The 17-minute "In-A-Gadda-Da-Vida", the title track of their second album, became a Top Thirty hit in the US and made the number 9 spot on the Dutch Top 40. The members when In-A-Gadda-Da-Vida was recorded were Doug Ingle (keyboards and vocals), Lee Dorman (bass guitar), Ron Bushy (drums), and 17-year-old Erik Brann. The album sold over three million copies by the end of 1970, and was awarded a gold disc by the R.I.A.A. in December 1968.

The band had been booked to play at Woodstock but got stuck at an airport. When their manager called the promoters of the concert they explained the situation and asked for patience. However, the manager demanded that the Butterfly be flown in by helicopter, whereupon they would "immediately" take the stage. After their set they would be paid and flown back to the airport. The manager was told that this would be taken into consideration and he would be called back. In truth, his demands were never given a second thought. Dorman later expressed regret at this turn of events, feeling the band's career may have gone further had they played the festival.[citation needed] According to drummer, Ron Bushy, "We went down to the Port Authority three times and waited for the helicopter, but it never showed up."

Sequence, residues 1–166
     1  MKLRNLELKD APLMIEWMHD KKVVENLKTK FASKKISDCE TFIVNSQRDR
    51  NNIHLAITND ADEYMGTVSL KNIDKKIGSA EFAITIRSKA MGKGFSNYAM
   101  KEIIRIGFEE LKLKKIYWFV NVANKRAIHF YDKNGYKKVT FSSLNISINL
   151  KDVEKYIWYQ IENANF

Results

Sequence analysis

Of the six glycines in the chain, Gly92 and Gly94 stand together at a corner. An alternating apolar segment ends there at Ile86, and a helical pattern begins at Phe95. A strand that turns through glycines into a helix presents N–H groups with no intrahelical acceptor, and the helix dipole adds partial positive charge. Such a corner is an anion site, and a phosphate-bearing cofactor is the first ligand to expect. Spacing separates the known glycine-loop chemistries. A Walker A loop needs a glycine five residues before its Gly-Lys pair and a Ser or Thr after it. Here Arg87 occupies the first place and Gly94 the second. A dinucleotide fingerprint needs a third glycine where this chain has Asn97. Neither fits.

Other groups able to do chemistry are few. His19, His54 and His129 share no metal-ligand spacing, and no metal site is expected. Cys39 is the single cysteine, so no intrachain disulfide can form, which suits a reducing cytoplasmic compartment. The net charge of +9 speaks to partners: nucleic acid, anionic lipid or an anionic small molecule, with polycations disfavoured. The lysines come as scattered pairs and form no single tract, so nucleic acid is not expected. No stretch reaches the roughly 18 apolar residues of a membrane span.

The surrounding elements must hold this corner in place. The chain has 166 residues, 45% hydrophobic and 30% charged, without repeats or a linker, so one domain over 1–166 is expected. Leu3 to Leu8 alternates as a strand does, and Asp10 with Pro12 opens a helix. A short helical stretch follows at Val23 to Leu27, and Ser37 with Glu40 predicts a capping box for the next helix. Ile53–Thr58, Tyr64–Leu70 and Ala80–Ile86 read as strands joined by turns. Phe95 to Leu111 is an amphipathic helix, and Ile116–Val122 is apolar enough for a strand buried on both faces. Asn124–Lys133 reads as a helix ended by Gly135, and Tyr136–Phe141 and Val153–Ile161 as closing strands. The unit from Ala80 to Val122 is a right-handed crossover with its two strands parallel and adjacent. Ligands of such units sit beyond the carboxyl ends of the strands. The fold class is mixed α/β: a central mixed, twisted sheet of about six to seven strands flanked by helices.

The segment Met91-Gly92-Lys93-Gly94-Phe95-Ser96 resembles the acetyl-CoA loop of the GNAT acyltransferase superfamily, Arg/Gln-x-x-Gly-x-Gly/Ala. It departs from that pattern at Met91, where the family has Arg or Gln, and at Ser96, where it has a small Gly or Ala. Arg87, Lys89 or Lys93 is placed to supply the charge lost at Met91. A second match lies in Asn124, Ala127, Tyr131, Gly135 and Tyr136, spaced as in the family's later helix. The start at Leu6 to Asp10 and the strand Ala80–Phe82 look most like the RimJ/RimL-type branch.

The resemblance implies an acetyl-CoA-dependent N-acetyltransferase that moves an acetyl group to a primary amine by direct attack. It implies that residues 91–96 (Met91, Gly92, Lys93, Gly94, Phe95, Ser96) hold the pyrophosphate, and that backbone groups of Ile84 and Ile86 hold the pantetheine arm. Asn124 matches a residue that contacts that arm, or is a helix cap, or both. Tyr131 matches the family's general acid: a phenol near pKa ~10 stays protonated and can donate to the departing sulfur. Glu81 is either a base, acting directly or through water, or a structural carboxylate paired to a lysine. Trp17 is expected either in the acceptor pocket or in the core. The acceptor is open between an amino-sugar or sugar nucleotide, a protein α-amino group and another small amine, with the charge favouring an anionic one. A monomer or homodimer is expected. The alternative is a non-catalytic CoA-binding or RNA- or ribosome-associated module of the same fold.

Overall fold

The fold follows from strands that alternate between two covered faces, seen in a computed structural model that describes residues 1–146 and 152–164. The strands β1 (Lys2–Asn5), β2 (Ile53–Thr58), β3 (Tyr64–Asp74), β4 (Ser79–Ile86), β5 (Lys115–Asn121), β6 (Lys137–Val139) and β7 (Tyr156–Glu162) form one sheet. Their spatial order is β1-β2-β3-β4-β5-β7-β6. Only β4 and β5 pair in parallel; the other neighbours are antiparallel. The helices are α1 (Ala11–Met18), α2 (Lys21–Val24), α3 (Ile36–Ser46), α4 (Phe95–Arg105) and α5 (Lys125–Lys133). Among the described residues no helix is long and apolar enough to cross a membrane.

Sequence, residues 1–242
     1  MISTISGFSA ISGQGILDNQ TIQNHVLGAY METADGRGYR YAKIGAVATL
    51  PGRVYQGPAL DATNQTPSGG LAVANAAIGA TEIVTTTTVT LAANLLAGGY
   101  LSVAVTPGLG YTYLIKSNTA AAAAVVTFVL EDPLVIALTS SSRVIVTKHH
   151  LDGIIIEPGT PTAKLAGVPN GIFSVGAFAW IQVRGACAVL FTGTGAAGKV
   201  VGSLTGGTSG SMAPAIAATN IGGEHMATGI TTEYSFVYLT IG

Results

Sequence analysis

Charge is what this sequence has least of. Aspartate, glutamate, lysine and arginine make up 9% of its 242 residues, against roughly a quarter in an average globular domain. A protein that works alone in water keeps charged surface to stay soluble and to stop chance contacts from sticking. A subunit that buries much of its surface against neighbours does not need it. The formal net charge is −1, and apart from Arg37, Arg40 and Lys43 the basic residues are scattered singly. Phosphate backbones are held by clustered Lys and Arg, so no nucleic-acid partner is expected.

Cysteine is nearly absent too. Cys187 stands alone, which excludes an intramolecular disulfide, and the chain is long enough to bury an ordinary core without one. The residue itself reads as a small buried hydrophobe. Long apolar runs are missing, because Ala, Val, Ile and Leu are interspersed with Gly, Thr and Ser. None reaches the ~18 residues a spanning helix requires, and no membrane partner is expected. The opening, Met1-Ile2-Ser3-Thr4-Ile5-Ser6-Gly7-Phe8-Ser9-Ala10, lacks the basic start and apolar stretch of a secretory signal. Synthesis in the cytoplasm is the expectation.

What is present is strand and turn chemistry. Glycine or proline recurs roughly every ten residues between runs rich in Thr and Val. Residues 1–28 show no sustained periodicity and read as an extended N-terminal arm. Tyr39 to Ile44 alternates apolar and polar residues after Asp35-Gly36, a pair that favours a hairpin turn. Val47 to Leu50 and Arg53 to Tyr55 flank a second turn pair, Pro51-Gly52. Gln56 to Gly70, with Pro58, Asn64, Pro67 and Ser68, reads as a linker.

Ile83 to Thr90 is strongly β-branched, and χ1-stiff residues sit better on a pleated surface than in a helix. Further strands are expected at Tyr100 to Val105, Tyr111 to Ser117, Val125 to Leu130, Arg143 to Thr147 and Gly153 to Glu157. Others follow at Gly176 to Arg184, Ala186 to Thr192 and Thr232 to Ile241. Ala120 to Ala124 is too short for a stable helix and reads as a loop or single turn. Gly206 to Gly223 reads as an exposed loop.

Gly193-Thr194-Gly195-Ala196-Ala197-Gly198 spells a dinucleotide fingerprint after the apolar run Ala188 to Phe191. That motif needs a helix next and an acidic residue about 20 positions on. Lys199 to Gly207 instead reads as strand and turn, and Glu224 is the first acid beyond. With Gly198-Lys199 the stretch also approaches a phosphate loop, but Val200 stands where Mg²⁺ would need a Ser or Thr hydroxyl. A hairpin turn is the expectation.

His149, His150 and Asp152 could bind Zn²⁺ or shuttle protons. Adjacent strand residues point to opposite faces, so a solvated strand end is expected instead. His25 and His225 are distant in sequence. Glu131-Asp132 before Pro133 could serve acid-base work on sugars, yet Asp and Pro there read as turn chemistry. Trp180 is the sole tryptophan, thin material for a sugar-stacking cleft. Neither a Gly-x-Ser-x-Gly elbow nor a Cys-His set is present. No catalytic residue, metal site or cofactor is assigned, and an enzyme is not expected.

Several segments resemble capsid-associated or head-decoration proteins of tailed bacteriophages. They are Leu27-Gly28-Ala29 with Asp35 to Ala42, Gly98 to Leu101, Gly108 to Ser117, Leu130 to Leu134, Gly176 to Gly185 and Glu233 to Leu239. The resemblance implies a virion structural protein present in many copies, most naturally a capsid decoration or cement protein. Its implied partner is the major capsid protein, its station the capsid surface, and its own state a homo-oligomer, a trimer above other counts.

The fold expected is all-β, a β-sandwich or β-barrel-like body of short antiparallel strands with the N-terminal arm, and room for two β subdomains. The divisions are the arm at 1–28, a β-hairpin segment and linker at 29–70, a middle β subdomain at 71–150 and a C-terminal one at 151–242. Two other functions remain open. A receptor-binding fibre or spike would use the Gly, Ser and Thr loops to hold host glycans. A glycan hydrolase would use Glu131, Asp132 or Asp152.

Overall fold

The next album, Ball, topped the charts, but more lineup changes followed. In 1970, with Erik Brann gone, Iron Butterfly released their fourth studio album, Metamorphosis with two new members, guitarist/vocalist/songwriter Mike Pinera (whose Blues Image had opened for the Butterfly's Vida tour and who later led Ramatam and played with Alice Cooper) and guitarist Larry "Rhino" Reinhardt. The album only managed to get into the top twenty.


Blind Guardian; Slayer; Siniestro Total